Utah closing public schools to prevent spread of coronavirus

Gov. Gary Herbert speaks at a news conference in the state's Emergency Operations Center on Thursday, March 12, addressing the current state of COVID-19 in Utah. Representatives from the Utah System of Higher Education, the Utah Board of Education, Utah Jazz, local health authorities and Utah Department of Health were also present. (Trent Nelson/The Salt Lake Tribune via AP)

SALT LAKE CITY (AP)— Utah closed most public school functions on Monday, March 16, to reduce the risk of spreading the new coronavirus, though doors will stay open to help families who need things like tutoring and meals, state officials said Friday.

Gov. Gary Herbert said the plan is for learning to move online or through packets sent home, with each district devising its own plans soon. The step is considered preventative in Utah, which has confirmed a handful of cases caught outside the state and hasn’t had any deaths.

“We think this is prudent. This is based on good science. This is based on what we’ve learned from other areas of the country and around the world,” Herbert said.

Even though Utah doesn’t have community spread, its likely only a matter of time, said Dr. Kurt Hegmann, director of the Rocky Mountain Center for Occupational and Environmental Health at the University of Utah.

Hegmann urged people to keep their children away from large gatherings and at safe distances from others during the break.

About 667,000 children go to public schools in Utah, according to state figures.

Lt. Gov. Spencer Cox, who is leading the state’s coronavirus task force, urged residents to stay calm and insisted the move doesn’t mean there’s a crisis.

“This doesn’t mean you have to go pillage the shelves at your local store,” Cox said. “It doesn’t mean we have to fight over the last roll of toilet paper.”

He added that kids can still play video games with a friend if they’re not sick and cautioned that too much isolation can be bad for children.

“We’re not quarantining every child in the state of Utah,” Cox said. “We still want you to go on walks to the park. ... We’re just avoiding these mass gatherings that will hopefully prevent the spread of the coronavirus.”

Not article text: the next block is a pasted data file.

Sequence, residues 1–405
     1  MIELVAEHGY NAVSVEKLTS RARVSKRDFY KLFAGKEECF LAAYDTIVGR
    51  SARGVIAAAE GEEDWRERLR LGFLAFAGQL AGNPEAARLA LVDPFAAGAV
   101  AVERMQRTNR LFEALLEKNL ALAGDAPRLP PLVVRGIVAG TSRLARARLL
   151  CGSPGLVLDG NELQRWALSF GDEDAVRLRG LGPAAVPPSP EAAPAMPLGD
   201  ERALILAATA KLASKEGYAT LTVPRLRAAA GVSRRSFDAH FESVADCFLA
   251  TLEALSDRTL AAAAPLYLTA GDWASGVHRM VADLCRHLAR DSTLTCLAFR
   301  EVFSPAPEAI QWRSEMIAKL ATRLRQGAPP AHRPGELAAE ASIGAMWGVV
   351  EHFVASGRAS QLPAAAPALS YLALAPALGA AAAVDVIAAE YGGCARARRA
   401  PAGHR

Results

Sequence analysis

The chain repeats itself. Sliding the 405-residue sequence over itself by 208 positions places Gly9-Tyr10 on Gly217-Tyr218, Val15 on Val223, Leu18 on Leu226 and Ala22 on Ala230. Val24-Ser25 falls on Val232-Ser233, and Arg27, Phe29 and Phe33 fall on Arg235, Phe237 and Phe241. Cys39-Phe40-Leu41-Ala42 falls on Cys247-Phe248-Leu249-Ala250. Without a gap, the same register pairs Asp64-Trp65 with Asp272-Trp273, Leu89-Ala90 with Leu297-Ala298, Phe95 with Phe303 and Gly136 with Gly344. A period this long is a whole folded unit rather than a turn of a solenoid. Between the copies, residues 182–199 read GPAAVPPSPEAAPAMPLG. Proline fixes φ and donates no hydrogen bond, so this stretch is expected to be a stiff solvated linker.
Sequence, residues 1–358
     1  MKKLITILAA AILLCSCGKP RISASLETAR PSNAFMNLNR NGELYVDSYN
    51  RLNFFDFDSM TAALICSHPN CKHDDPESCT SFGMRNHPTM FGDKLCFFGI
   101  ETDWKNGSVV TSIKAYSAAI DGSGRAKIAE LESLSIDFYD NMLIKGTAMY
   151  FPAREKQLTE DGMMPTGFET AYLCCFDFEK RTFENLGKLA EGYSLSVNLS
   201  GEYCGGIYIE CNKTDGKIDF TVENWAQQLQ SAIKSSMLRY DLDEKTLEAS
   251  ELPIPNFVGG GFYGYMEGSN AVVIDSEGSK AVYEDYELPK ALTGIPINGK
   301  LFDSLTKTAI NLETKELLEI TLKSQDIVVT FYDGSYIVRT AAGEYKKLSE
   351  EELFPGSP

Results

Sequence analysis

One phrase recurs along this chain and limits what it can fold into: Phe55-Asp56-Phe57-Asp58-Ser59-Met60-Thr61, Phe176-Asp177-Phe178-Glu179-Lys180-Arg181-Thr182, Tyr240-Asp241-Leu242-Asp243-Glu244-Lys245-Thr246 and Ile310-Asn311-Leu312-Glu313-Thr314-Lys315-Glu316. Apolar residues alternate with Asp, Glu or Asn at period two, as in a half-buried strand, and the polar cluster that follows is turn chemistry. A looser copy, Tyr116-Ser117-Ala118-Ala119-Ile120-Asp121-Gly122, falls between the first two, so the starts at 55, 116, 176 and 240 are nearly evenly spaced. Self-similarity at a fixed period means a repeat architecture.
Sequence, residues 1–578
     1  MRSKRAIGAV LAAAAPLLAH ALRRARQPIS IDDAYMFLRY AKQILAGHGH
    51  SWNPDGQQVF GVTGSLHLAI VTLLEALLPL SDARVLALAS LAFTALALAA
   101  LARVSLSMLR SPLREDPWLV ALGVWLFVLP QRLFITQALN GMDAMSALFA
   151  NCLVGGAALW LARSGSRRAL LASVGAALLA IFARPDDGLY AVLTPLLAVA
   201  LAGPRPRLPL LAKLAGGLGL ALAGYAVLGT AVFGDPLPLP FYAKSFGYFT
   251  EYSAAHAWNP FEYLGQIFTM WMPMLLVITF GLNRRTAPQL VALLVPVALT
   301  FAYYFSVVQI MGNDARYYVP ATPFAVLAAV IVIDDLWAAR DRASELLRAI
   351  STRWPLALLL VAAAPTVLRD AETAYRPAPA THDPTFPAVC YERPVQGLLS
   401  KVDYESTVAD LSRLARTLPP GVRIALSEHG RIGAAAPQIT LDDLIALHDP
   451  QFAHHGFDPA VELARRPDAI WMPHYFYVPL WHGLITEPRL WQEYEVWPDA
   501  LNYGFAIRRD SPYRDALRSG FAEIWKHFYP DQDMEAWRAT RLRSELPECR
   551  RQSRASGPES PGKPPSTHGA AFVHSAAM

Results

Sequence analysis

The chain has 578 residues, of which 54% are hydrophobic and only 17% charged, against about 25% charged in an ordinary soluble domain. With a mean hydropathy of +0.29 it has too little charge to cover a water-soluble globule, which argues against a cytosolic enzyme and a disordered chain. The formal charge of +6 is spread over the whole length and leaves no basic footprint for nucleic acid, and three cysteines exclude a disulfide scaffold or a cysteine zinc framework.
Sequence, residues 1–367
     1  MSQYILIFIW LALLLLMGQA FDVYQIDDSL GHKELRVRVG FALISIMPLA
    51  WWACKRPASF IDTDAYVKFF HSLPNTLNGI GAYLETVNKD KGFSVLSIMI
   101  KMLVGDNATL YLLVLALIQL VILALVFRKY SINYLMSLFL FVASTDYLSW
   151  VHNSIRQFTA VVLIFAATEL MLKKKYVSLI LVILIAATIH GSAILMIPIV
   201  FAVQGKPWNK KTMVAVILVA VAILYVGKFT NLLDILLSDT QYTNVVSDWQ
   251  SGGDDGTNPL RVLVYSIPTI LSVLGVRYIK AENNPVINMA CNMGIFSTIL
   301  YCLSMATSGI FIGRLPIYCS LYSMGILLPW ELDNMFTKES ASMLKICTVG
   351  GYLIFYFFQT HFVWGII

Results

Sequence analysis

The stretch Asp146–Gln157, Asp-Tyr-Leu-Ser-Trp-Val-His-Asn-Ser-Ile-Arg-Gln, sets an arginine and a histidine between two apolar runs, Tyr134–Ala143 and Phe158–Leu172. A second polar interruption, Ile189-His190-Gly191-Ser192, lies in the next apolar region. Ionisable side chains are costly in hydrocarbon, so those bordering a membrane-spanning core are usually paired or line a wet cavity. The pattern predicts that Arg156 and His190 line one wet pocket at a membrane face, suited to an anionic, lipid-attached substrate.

Other effects of the pandemic rippled through politics, religion and the courts.

The Church of Jesus Christ of Latter-day Saints temporarily suspended activities like ceremonial baptisms for dead ancestors at its temples worldwide, though ordinances like marriages can still be done by appointment in some locations. The faith has already suspended worship services and decided to hold its signature conference without attendees.

State courthouses will also be quiet: hearings considered nonessential were canceled, and those necessary to ensure the right to a fair and speedy trial were being held over video feed. Salt Lake City municipal courts were also taking steps to limit risk of spreading the virus, the newspaper reported.

Utah has a handful of cases of the new coronavirus, including Utah Jazz players Rudy Gobert and Donovan Mitchell.

For most people, it causes only mild or moderate symptoms, such as fever and cough. For some, especially older adults and people with existing health problems, it can cause more severe illness, including pneumonia.

The vast majority of people recover from the new virus. According to the World Health Organization, people with mild illness recover in about two weeks, while those with more severe illness may take three to six weeks to recover.

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